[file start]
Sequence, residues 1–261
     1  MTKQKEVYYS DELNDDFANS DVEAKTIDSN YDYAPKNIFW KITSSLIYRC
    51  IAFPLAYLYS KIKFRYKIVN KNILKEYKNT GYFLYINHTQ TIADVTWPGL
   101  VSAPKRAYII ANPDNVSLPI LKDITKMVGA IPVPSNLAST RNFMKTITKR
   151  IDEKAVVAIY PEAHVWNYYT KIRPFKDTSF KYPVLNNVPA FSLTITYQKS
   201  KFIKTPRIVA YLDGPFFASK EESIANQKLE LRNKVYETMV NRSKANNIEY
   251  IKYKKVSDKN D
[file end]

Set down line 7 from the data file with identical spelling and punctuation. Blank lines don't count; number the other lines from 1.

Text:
   251  IKYKKVSDKN D